The cleaning and sterilizing of dairy equipment after each use is a major operation, and may account for 15 to 20 percent of the total man-hours required to operate the dairy plant. Cold milk leaves a light deposit of milk solids on dairy equipment so it can be cleaned easily. Hot milk deposits cooked-on solids that require more effort to remove. Two types of cleaning are in vogue; manual and cleaning-in-place (C.I.P.).
Cleaning-in-place is the cleaning of sanitary pipelines while they are in position, without disassembling them. The CIP procedure is to pump rinse water through them to remove the free soil until it runs clear. Then either an acid cleaning solution and an alkaline cleaning solution or an alkaline cleaning solution by itself is pumped through them ( with a rinse be-tween the acid and alkaline cleaning solutions if both are used). Rinse water is pumped through the pipes until they are free of cleaning solution, and, finally, they are "sterilized" by pumping through either hot water or a solution of sodium hypochlorite. All lateral connections are "broken," connections in the lines are "capped," and, after the cleaning solution (or solutions) have been circulated, lines are "decapped" and manually scrubbed, after which the caps are replaced and the procedure completed. Tanks may be cleaned by rinsing and by spraying with cleaning solution (using varying types of nozzles ), followed by hot water rinsing, chemical spraying is done to sterilize tanks.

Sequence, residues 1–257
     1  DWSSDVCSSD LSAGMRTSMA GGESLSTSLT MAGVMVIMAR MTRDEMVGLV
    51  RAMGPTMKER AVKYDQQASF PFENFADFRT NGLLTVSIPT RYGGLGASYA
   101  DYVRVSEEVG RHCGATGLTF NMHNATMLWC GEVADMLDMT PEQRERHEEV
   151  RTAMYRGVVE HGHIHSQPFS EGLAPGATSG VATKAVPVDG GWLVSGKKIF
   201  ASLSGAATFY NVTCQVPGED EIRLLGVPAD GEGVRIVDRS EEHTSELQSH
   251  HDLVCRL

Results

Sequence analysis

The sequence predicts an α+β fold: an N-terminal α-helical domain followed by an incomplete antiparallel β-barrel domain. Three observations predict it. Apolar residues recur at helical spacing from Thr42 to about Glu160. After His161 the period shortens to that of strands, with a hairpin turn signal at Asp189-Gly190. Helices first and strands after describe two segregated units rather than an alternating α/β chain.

We offer fully automatic CIP systems, semi-automatic CIP cleaning systems, circulation cleaning system for HTST pasteurizers and washing and rinsing systems for other dairy equipment: